The Court agrees with the R&R's finding that Plaintiff does not allege facts plausibly establishing his claims against Defendants Villalobos, Amezcua, Dominguez, Castro, Zamora, Flores, Vitela, Hardman, and Alvarez. Plaintiff alleges that these Defendants took adverse actions against him without a legitimate correctional goal, and that their conduct chilled the exercise of his First Amendment rights. ( See SAC ¶¶ 54, 61, 63, 65, 66, 70, 73-74, 79, 81-82, 91, 93-94, 100, 102, 121-23, 127, 129, 146, 150, 155, 174, 178-79, 182, 184, ECF No. 37). Nonetheless, Plaintiff fails to allege any facts demonstrating that these Defendants' acts were "because of" his protected conduct-namely, filing an inmate grievance or appeal. See Rhodes, 668 F.3d at 567-568. Plaintiff alleges that Defendants Flores, Vitella, Hardman acted in retaliation for his prison grievances or appeals, but Plaintiff offers only legal conclusions and no supporting facts. ( See SAC ¶¶ 66, 74, ECF No. 37). Further, Plaintiff entirely fails to allege that Defendants Amezcua, Castro, Dominguez, Villalobos, or Zamora acted in retaliation for Plaintiff's protected conduct.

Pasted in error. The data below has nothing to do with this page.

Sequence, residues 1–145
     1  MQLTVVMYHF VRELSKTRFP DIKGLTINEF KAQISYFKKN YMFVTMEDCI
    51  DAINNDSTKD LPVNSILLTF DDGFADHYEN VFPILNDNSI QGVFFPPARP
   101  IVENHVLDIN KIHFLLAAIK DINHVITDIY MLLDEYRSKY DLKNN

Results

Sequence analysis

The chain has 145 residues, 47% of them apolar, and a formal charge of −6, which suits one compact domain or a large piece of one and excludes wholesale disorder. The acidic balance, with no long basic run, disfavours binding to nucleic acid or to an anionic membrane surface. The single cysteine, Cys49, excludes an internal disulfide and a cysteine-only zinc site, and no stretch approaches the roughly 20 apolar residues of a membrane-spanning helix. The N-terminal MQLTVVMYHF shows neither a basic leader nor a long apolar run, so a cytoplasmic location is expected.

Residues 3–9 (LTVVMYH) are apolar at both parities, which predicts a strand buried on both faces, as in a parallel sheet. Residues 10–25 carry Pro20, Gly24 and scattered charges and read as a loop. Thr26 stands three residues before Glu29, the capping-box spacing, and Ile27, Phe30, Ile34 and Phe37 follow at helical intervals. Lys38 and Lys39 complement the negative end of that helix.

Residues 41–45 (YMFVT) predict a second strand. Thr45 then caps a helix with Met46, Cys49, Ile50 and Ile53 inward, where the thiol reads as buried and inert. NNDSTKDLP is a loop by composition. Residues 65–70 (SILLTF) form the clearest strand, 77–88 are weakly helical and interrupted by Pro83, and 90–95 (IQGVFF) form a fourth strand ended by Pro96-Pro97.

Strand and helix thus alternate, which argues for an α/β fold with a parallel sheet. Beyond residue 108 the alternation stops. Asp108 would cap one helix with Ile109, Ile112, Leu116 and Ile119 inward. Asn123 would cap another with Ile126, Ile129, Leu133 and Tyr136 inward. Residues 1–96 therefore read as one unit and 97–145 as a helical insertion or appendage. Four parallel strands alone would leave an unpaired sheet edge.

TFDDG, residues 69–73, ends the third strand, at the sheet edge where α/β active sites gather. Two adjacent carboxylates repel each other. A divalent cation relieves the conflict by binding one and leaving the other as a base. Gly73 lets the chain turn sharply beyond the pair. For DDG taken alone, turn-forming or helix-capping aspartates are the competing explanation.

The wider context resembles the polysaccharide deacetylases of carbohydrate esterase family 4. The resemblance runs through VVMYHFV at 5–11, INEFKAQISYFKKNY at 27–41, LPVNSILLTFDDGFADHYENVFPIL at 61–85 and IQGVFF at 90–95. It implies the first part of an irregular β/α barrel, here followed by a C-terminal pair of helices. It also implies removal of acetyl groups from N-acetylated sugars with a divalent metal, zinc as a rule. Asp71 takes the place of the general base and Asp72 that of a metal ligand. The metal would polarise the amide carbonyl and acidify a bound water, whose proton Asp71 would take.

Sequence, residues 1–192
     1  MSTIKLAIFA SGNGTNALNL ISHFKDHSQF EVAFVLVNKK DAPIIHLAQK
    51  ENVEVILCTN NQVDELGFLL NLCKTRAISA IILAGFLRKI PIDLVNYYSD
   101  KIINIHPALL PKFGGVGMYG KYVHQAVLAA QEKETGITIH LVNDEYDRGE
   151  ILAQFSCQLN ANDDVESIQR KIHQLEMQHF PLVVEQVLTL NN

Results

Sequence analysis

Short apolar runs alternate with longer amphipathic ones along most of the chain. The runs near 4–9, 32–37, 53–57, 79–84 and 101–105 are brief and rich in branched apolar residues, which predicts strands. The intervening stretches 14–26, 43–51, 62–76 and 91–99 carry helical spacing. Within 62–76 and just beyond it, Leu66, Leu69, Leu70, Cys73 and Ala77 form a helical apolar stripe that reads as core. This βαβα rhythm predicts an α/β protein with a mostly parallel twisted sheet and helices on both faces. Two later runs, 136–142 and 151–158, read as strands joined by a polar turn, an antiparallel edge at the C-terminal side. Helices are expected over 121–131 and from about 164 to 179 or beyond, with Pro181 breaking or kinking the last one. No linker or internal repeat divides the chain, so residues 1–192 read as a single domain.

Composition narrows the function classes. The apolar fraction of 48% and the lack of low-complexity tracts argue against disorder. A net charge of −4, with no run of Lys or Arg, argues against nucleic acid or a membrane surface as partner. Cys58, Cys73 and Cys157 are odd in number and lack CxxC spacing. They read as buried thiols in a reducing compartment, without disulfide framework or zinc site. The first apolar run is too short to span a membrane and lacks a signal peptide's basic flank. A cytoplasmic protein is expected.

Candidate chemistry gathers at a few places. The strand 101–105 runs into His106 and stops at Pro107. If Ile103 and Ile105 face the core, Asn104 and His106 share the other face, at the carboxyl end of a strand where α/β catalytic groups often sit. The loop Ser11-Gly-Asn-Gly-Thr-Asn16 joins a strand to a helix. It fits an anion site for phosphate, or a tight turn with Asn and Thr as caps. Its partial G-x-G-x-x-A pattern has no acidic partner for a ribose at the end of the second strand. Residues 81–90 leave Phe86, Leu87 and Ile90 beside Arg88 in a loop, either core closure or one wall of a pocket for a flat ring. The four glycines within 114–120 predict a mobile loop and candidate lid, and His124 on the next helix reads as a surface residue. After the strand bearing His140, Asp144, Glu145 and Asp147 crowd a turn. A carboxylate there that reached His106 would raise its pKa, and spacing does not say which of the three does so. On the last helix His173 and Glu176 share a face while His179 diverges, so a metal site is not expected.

With regard to Defendant Alvarez, Plaintiff includes more factual allegations, such as his contention that Alvarez withheld his mail, removed pages from his outgoing legal mail, and removed legal material and a personal picture from his cell. ( Id. ¶¶ 82, 85-86, 88). Moreover, Plaintiff also alleges that Alvarez told him that he would not receive his mail until he dropped his lawsuit, which might suggest that Alvarez targeted Plaintiff because of, and in retaliation for, Plaintiff's protected conduct. Nonetheless, the Court agrees with the R&R that Plaintiff fails to allege sufficient facts regarding his purported legal action against Alvarez to establish a claim for retaliation.